In 2020, the Chilean government wants to promote green hydrogen, a technology with high potential to help mitigate climate change. President Sebastián Piñera, aware of the country's advantages to produce green hydrogen competitively, asks Energy Minister Juan Carlos Jobet to elaborate a mission-oriented strategy to promote the technology. The strategy was to match the government’s center-right orientation and the country’s political and economic trajectory. Chile was often praised for its strong macroeconomic fundamentals and a sound policy framework. However, the country was facing social and economic disruptions given the Covid-19 pandemic, which added pressure to an already difficult political backdrop. Chile still struggled with unprecedented political uncertainty after social unrest in 2019 led to a wave of protests that forced the government to agree to a constitutional reform and greater social spending.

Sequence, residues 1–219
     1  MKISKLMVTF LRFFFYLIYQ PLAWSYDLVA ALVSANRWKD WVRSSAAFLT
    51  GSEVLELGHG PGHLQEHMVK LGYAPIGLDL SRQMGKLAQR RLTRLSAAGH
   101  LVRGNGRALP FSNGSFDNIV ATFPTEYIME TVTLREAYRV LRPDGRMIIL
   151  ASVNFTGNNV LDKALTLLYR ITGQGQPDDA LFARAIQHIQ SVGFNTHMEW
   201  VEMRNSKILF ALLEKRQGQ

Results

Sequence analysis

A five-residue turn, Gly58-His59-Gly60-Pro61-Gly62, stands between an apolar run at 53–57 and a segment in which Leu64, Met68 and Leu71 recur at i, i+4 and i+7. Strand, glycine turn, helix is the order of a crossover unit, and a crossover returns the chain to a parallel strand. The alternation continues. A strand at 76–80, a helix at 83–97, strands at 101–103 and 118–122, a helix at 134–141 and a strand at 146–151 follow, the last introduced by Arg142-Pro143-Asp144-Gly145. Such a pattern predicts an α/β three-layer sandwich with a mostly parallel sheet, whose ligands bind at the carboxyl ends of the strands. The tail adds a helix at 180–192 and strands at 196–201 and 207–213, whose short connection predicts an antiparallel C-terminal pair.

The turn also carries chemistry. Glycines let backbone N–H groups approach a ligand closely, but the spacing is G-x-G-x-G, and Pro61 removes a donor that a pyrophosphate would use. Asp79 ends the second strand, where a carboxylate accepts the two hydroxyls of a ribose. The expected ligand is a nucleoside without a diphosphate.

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Buenos Aires Staff

Fernanda Miguel
Christopher P. Torto Executive Director
Mariana Cal
Assistant Director, Research
Jenyfeer Martínez Buitrago
Senior Researcher
Maria Martha Ruiz Melo
Office Manager

São Paulo Staff

Ruth Costas
Senior Researcher
Patricia Thome
Brazil Office & Regional Program Manager
Pedro Levindo
Senior Researcher

Mexico City Staff

Carla Larangeira
Senior Researcher